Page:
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CCPL board discusses unattended child policy

By Jessica Jones Paine/For Murray Ledger & Times*

MURRAY – Times have changed. That was the overarching message behind an emotional discussion of the Calloway County Public Library’s unattended child policy during its Board of Trustees meeting last week as library staff defended the policy and explained their concerns to the board.

“It’s important for people to understand because this gets emotionally charged, and it reads – or it sounds like – the library’s against children,” Board President Lance Allison said. “The library’s not against children, but the library’s for everyone. So, everyone has to be taken into account with this, and that includes our older population, it includes the general public, it includes children.”

A local mother, Ashley Holliday, spoke against the CCPL’s unattended child policy during the public comment period at the beginning of the meeting. Her daughters Corinne and Lyla were present as well. Holliday, who was previously unfamiliar with the policy, explained that, after the library reopened in July, she allowed her daughters to go there alone. For one week, the girls visited the library by themselves before staff noticed and told them they could not come back without an adult.

“For the week that they were allowed to come up here by themselves, it was amazing. And all I heard about was how magical it was and how many books they picked out. They looked up the books on their own; they didn’t have to have my help. And it breaks my heart now that they’re not allowed to come up here unless I am coming up here with them because that takes away part of the magic of coming up here and being old enough and mature enough to come here. I feel – I have a fifth grader and a seventh grader – that they are old enough and mature enough.”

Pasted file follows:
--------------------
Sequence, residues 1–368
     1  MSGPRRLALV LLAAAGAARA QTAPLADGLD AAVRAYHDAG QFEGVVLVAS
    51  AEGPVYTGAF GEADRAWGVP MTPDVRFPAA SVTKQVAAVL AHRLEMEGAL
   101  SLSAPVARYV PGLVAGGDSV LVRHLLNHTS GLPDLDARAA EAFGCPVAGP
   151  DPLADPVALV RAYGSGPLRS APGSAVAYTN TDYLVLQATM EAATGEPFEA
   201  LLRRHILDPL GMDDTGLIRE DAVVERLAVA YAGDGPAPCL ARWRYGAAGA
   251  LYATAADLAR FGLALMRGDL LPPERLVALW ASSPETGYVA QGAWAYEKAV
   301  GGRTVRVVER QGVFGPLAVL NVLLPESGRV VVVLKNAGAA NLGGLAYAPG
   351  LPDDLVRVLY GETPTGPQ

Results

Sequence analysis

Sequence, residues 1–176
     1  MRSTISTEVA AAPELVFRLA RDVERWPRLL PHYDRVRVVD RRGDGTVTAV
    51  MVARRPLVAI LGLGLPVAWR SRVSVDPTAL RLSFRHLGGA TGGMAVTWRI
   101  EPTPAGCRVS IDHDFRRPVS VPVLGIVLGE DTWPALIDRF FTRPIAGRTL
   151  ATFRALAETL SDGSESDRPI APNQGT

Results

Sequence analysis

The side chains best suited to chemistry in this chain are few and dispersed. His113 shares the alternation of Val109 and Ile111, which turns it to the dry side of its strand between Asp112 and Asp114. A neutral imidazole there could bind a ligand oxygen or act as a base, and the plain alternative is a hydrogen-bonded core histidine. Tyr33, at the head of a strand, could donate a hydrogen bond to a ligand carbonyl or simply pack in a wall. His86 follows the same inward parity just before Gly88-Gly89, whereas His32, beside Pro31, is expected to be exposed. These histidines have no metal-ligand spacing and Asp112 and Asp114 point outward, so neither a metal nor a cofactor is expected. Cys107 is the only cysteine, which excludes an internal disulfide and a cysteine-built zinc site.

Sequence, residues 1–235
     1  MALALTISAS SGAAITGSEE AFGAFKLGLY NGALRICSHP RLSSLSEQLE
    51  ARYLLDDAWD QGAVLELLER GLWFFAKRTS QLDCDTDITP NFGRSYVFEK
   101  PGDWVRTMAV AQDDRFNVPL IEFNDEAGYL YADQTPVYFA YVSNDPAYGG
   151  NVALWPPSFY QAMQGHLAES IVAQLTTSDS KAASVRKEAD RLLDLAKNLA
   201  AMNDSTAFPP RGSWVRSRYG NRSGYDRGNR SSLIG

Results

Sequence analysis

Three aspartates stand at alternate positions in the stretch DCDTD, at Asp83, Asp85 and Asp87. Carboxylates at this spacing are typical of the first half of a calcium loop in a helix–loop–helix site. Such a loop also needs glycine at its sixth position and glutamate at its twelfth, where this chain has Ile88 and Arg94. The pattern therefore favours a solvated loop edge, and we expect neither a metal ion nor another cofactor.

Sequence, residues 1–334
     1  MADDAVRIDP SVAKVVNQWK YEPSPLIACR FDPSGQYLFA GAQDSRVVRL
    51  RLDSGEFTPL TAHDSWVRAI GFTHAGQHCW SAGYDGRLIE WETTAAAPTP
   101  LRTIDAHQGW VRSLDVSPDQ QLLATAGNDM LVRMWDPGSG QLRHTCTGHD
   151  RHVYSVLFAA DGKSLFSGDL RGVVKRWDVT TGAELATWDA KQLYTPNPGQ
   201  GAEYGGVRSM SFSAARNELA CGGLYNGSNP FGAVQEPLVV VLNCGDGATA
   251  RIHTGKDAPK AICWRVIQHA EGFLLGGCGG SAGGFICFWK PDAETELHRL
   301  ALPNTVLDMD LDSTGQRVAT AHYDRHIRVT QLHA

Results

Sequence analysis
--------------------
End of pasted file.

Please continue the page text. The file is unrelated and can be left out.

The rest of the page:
Holliday said the girls, who had previously asked to go to the library daily, had not mentioned going there since being told they had to have adult supervision and added, “That broke my heart because y’all spent so much money and time to build this beautiful library and now the audience – this is what you want; you want to instill this in them at an early age – aren’t allowed to come here unless they have a parent that wants to bring them up here.”

“I loved going to the library over the summer all by myself,” Lyla said. “… I loved the way I felt coming and looking for my own book, and I want everyone to feel like that, specifically kids under 18.”

A discussion of the policy was included on the agenda. Before the discussion began, the board allowed library staff to express their thoughts. Three employees prepared multi-page statements, which they read aloud during the meeting. 

Much of their testimony centered around problems with Murray Middle School students after school, which largely motivated CCPL to institute its unattended child policy several years ago. Before the policy was instituted, the library essentially became a child care center from 3 p.m. until around 6 p.m.

One librarian, Diane, outlined many of the disrespectful behaviors that were commonplace at the time, such as “arguing about the rules, ignoring instructions, giving staff the middle finger, hitting each other, sneaking up on staff in the stacks to startle them, throwing things at staff as they worked in the stacks, setting fires outside of the library, defacing library furniture and walls, threatening staff with parental retribution when asked to follow library rules and policies, fighting, climbing on landscaping and trees and leaving trash around the library.”

The second librarian to speak, Pam, did not work at CCPL prior to the policy in place. Instead, she told trustees about the behaviors she has observed from middle-school-aged children since the July reopening, many of whom had a parent present, such as “running throughout the library, loudly using obscene language, placing feet – both bare and shoed – on the furniture, being very disrespectful to staff and chasing and being chased by other children.”

Those kinds of behaviors are not only problematic for staff, but they are also disruptive and bothersome to other patrons. While both are unacceptable, librarians have a far greater concern when it comes to having children in the library without adult supervision, and that is safety.